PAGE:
Chill, Portland: The downtown food carts are not about to close

Michael Andersen
Feb 8, 2016 · 4 min read

A lot of people are understandably upset about an article on Food Carts Portland, which is based on an article in The Oregonian, which says that there’s a “plan” (also “vision” and “proposal”) to put skyscrapers on a bunch of downtown parking lots, including some parking lots that have food carts around their edges.

I’ll get back to the article in a minute but first let’s talk briefly about food carts.

It’s 100 percent legit to be worried about our food carts’ long-term future. Food carts are fantastic and a documented force behind downtown Portland’s current prosperity. And they can’t last forever in their current locations.

That’s because they only turn a profit in a very specific and unusual situation: when you have a neighborhood with lots of foot traffic but relatively low property values.

Portland circa 2010, which was starting to claw back from a really bad economic decade, was a perfect example of this. We should be proud of the fact that when this moment came, our city didn’t use pointless laws to get in the way of food carts, the way some other cities have. We turned a bunch of boring parking spaces into a nationally celebrated culinary destination. That was a totally awesome idea.

That was not an idea that’s going to go away. That was a permanent discovery.

What will go away, eventually, is the fact that property values on these particular high-foot-traffic spots are fairly low. These are parking lots in the middle of fucking downtown. I and almost everybody I know would love to work in or near downtown Portland if their employers could afford it. Downtown Portland is in demand, and there’s only one place they’re making more of it: the sky.

There are still some other places in Portland that have decent foot traffic but fairly low property values. Parking lots in areas with decent sidewalks, transit and quantity of apartments are places to start. As my friend Tony pointed out, all the parking spaces that line the Park Blocks would be perfect for this.

Let’s get spots like those wired for food carts stat. Hell, maybe let’s set up public loan programs to help property owners do it.

To his credit, Brett Burmeister at Food Carts Portland isn’t saying “let’s create Portland Food Cart Refuges that can never be used for anything except $8.50 sandwiches and $2 bottles of Izze.” (That’d be a great way to stop any landowner from ever creating another food cart pod.) He’s saying the city should start letting food carts “move about in and out of the city center, park and serve their patrons.”

Other folks are putting their hopes on setting aside publicly supported foodie spaces like the proposed James Beard Public Market. That’s probably an OK idea; it’s similar to what Vancouver BC did in 2010 when they got food cart envy but discovered that their land was too expensive to make Portland-style private food cart pods work.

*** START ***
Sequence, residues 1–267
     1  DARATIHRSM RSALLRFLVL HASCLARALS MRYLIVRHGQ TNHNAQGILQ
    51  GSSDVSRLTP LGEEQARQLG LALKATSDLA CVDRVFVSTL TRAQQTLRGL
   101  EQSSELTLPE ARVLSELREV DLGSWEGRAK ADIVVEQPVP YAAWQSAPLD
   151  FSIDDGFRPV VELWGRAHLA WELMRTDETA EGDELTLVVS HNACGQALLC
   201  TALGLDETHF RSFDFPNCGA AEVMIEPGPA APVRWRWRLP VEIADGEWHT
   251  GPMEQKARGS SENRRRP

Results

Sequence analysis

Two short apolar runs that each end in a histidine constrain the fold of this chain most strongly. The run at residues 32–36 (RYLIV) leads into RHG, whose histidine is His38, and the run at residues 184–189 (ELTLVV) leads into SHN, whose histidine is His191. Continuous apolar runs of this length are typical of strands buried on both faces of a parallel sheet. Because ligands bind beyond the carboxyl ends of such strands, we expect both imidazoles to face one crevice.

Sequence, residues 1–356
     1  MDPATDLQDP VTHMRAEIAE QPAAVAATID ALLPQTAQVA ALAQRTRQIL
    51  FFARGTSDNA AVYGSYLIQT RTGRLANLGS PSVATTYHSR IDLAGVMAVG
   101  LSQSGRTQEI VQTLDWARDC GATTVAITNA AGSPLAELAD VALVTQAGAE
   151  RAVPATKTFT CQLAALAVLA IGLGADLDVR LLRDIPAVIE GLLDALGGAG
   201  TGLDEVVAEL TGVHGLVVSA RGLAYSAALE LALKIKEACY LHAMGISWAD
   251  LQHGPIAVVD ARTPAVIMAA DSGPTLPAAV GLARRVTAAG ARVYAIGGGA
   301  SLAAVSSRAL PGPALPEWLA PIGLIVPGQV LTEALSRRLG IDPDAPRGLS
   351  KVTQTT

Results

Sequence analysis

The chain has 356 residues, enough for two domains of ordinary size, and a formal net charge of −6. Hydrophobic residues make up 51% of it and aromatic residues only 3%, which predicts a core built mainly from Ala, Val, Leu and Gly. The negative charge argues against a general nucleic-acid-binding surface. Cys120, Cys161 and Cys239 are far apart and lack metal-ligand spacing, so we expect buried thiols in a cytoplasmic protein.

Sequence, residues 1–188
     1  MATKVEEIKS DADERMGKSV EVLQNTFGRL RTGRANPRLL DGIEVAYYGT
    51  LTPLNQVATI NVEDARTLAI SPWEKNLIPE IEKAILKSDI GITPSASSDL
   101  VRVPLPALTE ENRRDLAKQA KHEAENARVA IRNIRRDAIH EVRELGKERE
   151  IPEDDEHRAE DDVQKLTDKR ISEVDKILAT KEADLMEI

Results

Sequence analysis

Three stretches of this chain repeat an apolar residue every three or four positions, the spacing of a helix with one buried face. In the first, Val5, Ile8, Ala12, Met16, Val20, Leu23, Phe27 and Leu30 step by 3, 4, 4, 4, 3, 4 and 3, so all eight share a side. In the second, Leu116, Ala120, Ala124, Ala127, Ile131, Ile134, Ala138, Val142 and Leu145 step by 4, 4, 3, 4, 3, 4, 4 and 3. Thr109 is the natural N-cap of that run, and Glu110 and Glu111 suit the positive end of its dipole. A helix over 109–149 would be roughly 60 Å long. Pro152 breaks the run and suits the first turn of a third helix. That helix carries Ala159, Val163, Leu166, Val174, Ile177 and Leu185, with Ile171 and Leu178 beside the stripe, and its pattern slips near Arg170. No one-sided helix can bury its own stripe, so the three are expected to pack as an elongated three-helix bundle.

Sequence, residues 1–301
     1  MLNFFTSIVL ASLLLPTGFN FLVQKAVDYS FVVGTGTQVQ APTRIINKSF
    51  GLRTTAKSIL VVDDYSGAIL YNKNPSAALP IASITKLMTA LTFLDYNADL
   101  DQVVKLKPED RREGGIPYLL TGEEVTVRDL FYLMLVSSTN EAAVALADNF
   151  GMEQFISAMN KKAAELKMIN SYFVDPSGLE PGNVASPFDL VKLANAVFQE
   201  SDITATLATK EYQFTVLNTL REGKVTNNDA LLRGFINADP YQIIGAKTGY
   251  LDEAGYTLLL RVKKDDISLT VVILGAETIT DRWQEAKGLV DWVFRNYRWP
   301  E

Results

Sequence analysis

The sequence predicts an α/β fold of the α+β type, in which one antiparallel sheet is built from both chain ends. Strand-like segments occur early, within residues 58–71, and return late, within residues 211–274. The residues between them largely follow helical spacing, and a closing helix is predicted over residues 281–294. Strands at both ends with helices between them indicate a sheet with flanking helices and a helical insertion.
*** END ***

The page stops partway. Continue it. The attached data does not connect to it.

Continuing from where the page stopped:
But whatever your scheme is for preserving Portland food carts in general — and I’m very much for it! — the other thing to know about this story is that these particular parking lots are probably quite a long time from developing.

If you read The Oregonian’s piece on this fairly carefully, something becomes clear: this “plan” by the property-owning Goodman family would cost $1.5 billion that no one involved has currently acquired.

Here’s the crucial paragraph:

None of the Ankeny Blocks property is for sale, the Goodmans said. They don’t consider themselves developers, either. The family tends to enter into long-term land lease agreements with developers and investors once an agreement for a project is reached. They say the market will dictate the development timeline for the Ankeny Blocks, but that they are eager to get started.

In other words, the people who own these parking lots are announcing “We have successfully lobbied the city to let us build really tall buildings on our property. If you approach us with gobs of money and no risk to us, we will not turn you away. Meanwhile, it’s not like we’re taking out any loans ourselves.”

Admittedly, this is a pretty good way to eventually make gobs of money. As I understand it, that’s more or less what is currently working for Ashforth Pacific, the company that bought a bunch of Lloyd District parking lots in the 90s.

But the following things seem to be missing from this plan as described:

  • Actual architectural work
  • A timeline
  • A deadline
  • Anyone willing to write a check to make this happen

The Oregonian’s article was newsworthy, but it was also in some ways a big classified ad dressed up as a news story.

“Space for rent.”

I’m not looking forward to the day the downtown food cart pods pack up and roll elsewhere. We can (and, I think, should) be taking action now to make sure they have somewhere to roll.

But unless some rich people respond to this classified ad right away, cart owners will probably be paying the Goodmans rent for years to come.

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